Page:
While the content we were learning was really interesting, the course structure had also allowed for a lot of interaction and socialisation with other engineering students. Us UTS students were joined by 30 other American students, with the majority of them coming from the University of Michigan. During our scheduled dinners and city tours, we were all able to interact and share stories. I can’t promise that I have nailed the American accent, but I have many new funny phrases under my belt that I was very excited to learn.

Overall, I found the two week course to be such an amazing and memorable experience. It went by way too fast! Before I knew it, I was back at the airport, ready to embark on my 30 hour adventure home.20180626_143414.jpg20180625_182757.jpg20180625_143646.jpg

I was so honoured and proud to be representing UTS overseas, especially having discovered such amazing peers through this program! I would definitely recommend this to everyone, as I am sure I will be babbling on about this for years to come.

Thank you so much to UTS build for giving me this opportunity, and I hope I’ll be able to do something as amazing as this again soon!

Amy Sorattanachai

Ola: Tecnun University San Sebastian

So a bit about myself; My name is Carolyn I am of Burmese background and migrated to Australia when I was 2 years old. So basically raised in Australia and English was my first language. I am bilingual and speak Burmese however not fluently as I wish I could. I am an engineering student in my final year, hoping to pursue a career in construction engineering and management. I have a loving family and I am the eldest of 3 children. Family is a big aspect of my life and without their continual love and support I would not have be here today. After doing my HSC, exam stress caused me to have epileptic seizures and damage to my frontal lobe impaired my speech and thinking. However I recovered and started my engineering degree in 2011.

Six years later (slowly making my way) I am at the end of my degree. My main drive in the past six years was to prove to myself that I could do it. Now that I’m close to finishing my degree I wondered what my purpose after the degree was. I had been to graduate interviews where I was stumped by the question “What is your passion?” On the surface it is easy to say money is my motivation however I don’t think that has ever been the truth. It may sound naïve but I’ve always wanted to make a difference and help others. I started the BUiLD program hoping I gain leadership skills and confidence in myself as a leader in the field of engineering. By going to Spain I hoped to put myself out of my comfort zone and maybe regain my purpose and passion for engineering.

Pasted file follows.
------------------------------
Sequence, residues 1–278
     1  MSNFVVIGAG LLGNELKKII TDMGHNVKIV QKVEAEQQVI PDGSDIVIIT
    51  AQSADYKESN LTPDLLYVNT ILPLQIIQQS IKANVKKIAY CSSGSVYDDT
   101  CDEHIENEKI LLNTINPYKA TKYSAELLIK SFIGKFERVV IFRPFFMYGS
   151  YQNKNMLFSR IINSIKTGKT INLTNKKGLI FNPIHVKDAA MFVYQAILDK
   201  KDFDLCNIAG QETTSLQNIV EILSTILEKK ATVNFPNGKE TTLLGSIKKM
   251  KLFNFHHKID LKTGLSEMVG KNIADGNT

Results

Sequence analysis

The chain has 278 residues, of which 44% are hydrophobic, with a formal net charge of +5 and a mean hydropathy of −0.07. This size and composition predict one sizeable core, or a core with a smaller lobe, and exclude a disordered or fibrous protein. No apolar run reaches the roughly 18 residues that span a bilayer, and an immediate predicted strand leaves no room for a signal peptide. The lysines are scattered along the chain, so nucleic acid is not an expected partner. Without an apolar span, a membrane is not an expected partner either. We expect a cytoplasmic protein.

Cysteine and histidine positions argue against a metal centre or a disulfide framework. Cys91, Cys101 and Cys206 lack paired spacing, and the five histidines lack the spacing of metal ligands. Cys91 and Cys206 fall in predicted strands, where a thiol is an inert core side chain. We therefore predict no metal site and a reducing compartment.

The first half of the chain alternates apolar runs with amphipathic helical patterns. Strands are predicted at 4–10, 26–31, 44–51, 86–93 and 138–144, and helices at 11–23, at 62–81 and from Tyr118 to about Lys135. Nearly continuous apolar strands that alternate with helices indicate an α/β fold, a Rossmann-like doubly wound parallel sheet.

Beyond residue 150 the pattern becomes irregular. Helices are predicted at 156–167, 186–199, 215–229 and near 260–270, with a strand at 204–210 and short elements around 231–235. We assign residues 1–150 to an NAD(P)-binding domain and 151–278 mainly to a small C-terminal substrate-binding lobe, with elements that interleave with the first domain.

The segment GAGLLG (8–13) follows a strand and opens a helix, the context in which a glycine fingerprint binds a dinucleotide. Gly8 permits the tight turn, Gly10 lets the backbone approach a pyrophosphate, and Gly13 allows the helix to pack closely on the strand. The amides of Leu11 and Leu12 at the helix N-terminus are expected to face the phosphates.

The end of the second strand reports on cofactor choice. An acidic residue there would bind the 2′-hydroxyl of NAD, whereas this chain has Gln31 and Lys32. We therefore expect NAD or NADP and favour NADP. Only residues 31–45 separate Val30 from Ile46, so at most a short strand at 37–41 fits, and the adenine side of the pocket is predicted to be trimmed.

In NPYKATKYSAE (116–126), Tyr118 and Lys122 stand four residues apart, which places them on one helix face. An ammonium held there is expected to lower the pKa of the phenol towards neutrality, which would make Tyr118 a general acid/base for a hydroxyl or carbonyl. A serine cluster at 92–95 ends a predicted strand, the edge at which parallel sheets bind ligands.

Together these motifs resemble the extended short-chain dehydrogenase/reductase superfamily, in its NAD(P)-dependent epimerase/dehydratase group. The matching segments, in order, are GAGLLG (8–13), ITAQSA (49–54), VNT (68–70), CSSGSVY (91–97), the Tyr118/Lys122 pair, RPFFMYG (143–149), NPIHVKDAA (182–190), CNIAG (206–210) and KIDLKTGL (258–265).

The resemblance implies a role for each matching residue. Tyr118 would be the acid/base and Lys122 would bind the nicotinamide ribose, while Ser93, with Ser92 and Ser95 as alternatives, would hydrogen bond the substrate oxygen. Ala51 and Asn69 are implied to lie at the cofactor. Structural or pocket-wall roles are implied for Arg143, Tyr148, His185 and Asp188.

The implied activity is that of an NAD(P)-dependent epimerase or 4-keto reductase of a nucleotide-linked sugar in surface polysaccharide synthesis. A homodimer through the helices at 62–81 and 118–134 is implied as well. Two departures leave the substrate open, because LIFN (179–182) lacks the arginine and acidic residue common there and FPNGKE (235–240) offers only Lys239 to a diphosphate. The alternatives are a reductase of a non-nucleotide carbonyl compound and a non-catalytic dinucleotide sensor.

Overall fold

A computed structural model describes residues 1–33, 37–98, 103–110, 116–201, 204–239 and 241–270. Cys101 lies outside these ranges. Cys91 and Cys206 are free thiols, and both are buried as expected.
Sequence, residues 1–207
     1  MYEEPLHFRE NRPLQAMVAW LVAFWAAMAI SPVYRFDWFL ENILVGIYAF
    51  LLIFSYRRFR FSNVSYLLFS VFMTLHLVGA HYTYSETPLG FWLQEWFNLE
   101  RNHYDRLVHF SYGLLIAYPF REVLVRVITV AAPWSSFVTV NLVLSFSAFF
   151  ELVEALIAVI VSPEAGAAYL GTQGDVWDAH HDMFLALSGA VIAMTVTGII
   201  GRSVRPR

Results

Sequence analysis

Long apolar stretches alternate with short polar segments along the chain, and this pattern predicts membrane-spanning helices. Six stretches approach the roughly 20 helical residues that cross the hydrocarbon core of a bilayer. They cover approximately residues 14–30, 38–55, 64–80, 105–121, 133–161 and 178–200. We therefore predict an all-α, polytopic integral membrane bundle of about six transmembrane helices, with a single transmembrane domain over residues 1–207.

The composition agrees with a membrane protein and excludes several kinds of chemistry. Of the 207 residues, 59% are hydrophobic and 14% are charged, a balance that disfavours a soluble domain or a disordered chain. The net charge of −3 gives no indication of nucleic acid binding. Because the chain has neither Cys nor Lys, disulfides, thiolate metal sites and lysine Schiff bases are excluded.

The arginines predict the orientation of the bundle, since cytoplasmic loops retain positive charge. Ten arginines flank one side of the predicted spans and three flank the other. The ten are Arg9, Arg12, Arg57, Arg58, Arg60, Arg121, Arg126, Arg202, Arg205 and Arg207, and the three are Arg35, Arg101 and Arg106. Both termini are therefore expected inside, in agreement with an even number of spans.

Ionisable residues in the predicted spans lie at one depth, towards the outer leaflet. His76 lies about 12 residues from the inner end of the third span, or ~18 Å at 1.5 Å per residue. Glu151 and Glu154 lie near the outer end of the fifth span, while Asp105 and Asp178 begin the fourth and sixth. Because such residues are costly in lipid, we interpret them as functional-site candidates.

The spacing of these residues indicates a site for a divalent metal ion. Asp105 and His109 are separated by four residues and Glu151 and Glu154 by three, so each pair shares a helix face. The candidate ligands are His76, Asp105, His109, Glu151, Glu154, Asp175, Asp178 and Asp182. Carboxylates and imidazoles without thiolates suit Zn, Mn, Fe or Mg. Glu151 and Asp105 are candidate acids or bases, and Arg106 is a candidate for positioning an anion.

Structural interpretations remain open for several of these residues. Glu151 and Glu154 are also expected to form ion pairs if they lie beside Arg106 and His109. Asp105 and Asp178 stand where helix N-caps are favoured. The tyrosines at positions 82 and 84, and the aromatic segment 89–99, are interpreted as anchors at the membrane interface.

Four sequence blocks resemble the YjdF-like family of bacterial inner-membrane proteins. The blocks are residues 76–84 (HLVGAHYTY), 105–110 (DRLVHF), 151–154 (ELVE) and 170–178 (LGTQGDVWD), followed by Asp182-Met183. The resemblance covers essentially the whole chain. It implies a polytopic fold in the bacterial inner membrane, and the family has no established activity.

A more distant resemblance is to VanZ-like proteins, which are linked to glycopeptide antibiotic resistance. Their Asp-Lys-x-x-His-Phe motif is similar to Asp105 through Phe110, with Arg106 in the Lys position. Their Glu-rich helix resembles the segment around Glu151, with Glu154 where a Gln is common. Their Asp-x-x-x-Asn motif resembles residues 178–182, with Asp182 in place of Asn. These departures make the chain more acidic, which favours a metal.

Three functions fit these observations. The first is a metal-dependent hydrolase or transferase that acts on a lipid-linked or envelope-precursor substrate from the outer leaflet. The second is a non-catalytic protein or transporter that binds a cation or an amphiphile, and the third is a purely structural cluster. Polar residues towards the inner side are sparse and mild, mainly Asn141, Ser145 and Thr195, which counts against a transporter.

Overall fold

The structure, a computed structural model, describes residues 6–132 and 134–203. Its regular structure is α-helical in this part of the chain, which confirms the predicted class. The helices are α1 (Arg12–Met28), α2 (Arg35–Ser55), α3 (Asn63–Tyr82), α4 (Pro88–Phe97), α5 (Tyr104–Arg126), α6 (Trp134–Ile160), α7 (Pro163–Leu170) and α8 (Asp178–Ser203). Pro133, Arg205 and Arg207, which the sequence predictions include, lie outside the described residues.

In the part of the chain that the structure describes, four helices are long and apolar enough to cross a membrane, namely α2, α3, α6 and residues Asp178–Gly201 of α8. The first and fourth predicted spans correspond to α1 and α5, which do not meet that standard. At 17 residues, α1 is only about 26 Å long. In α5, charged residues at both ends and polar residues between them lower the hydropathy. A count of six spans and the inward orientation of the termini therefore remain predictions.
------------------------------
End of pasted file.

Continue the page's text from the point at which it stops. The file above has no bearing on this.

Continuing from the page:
On the first days of travelling by myself the language barrier and having to communicate to others who did not speak the same language was the most challenging. I wished I was multilingual and knew basic phrases of Chinese and Spanish. Another challenging aspect was being by myself. I was lonely and homesick and wished I had someone I knew with me. Also having no choice but to stay in a hostel with bed bugs was probably the most depressing part of the first few days. However Spain was beautiful. History and architecture have always interested me and Spain was full of both. The gothic architecture and the way the city was planned out were amazing. I loved walking down the streets imagining the stories and the lives that were lived in those streets. I felt overwhelmed with how creative human beings were and the man made beauty we are capable of. This brought me to my religious roots and reminded me of how we were created to be creative.

At the University Program in San Sebastian I met students from UTS and students from Universities in the USA. Our timetable was filled with Tapas tours, hikes up mountains and learning about the Basque culture. Our course was on Engineering Across Cultures and the lecturer was Greg from the University of Michigan. I learnt the importance of understanding a culture before implementing designs for the country or area. For example, I have always looked back at Burma and wondered why the transport system was so terrible and why they couldn’t just simply just implement systems used in Singapore or even in Australia. I realised each culture and country have different ways of life, beliefs and history and what may work for one country may not work for another. I felt a certain duty as an engineer to realise this and integrate this thinking towards the way I design and work.

For our main assignment we were to come up with a cultural case study for San Sebastian and an engineering idea that might benefit the San Sebastian community. Our group came up with an App that would connect tourists with local tour guides. We came up with this idea due to our interviews with locals that were concerned that the younger generations might miss out on international globalisation due to the fact that they don’t speak fluent English. Also due to the violent history due to racism we saw that it was important for the San Sebastian community to connect with others and have peaceful relations with international communities. I believe our idea was what the culture needed. At first we came up with beach lockers and night transports however we realised these were more of a tourists problems rather than a locals problems therefore we listened to our interviewees and what was important to them.

After the two weeks in Spain I have more of an appreciation for engineering and the opportunities that I have. I have always wanted to make a difference or build something that has value. During the daily grind of university and trying to get that competitive graduate position I may have forgotten why I have chosen this career. I realised I want to be a part of creating buildings that have significance to others where it may be a house for a family or offices where people start their businesses. I would like to thank BUiLD UTS for this opportunity. It will be one of the most memorable experiences in my life.